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About dialects (SIGN VARIETIES)

People who use the same sign language don't all sign exactly the same. Sometimes a group of people all signs the same way, but other groups sign differently. 

For example, in ASL, each state in the USA has some special signs used only in that state. You can see that in the ASL demo database. Other differences might depend on what deaf school people attended, how old they are, whether they are men or women, etc. 

These differences are normal. Every sign language has them. There's no reason why everyone has to use exactly the same signs. We learn each other's signs and we can still communicate.

These different ways of signing are called dialects. Sometimes in SooSL we call them SIGN VARIETIES.

Good dictionaries include signs that different dialects use, and they report which dialects use which signs. They don't have just one sign for each written word.

Dialects in SooSL

SooSL knows about dialects. Some dictionaries include several dialects; some have only one dialect. To see what dialects are used in a SooSL dictionary click Dialects in SooSL Web or click Tools > Dialects in SooSL Desktop. You will see a dialog like this:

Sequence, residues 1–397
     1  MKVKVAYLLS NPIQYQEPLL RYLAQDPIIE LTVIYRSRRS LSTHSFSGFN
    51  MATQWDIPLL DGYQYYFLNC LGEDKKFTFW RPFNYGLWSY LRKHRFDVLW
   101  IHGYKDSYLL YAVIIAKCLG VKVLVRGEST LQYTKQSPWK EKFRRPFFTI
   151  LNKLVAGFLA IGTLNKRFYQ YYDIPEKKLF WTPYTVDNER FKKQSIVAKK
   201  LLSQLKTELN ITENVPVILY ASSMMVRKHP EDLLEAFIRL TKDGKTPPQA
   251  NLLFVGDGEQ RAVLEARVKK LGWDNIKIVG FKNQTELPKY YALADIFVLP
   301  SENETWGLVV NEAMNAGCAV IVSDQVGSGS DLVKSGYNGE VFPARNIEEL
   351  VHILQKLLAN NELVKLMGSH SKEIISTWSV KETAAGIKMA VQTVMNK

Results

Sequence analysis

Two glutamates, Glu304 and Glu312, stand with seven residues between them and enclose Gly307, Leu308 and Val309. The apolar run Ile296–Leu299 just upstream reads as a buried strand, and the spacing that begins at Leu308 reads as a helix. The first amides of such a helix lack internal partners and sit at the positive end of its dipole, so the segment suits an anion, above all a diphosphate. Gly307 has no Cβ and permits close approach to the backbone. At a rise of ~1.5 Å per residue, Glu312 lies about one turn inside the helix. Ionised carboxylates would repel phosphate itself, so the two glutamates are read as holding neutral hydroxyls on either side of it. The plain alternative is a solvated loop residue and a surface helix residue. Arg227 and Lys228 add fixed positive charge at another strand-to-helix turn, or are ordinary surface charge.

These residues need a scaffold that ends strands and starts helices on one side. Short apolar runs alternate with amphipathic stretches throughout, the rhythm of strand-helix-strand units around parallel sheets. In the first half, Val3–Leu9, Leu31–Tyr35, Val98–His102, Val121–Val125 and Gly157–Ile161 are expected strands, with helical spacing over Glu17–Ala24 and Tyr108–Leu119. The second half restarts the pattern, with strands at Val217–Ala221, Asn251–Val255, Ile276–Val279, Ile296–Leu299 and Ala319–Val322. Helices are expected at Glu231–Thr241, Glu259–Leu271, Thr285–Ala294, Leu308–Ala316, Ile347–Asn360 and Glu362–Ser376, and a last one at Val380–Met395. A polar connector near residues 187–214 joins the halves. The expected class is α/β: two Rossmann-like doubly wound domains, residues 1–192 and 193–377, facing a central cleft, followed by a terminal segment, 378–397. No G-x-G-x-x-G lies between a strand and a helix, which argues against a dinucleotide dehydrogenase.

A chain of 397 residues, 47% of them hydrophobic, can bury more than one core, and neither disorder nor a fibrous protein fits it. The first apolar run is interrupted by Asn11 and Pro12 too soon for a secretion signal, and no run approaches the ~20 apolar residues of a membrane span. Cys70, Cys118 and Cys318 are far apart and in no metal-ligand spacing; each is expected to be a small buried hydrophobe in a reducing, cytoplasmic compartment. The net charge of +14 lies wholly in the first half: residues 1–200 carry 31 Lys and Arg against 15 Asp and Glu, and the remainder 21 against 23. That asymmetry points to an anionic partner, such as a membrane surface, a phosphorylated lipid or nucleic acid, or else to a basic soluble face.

Each dialect has a full name and an abbreviation. You will see the abbreviations in the gloss list and in each sense that is marked for a dialect. 

One dialect is special; it is the focal dialect. The focal dialect is the main dialect used for the whole dictionary. It may be the whole languagesigns that everyone uses. It may be the dialect of a specific city or type of people. A person who makes a dictionary chooses which dialect is focal for that dictionary. Most signs in the dictionary are in the focal dialect; signs that are different are marked for other dialects.

If you want, you can hide the abbreviation for the focal dialect by unchecking the checkbox on "Show focal abbreviation". Then you won't see its abbreviation in the gloss list or the senses.

Gloss list with focal abbreviation

Gloss list without focal abbreviation

Technically, dialects are for each sense of a sign, not for the sign itself. A sign can mean one thing in one dialect and mean something else in another dialect. In this example, the sign means 'cabbage' in ASL generally throughout the USA, but in the state of Wisconsin (WI), it also means 'garbage'.

That means each sense shows a sign's meaning in a specific dialect. That's why dialects are marked on each sense. 

That is also why there are two numbers for each dialect in the dialog above: one number shows how many senses are in that dialect, and the other shows how many signs have a sense in that dialect. Some signs have more than one sense in a dialect, so the number of senses is sometimes greater than the number of signs.

You can use dialects to find signs, if you are interested only in one or a few dialects.

In SooSL Desktop, you can change what dialects are in a dictionary.

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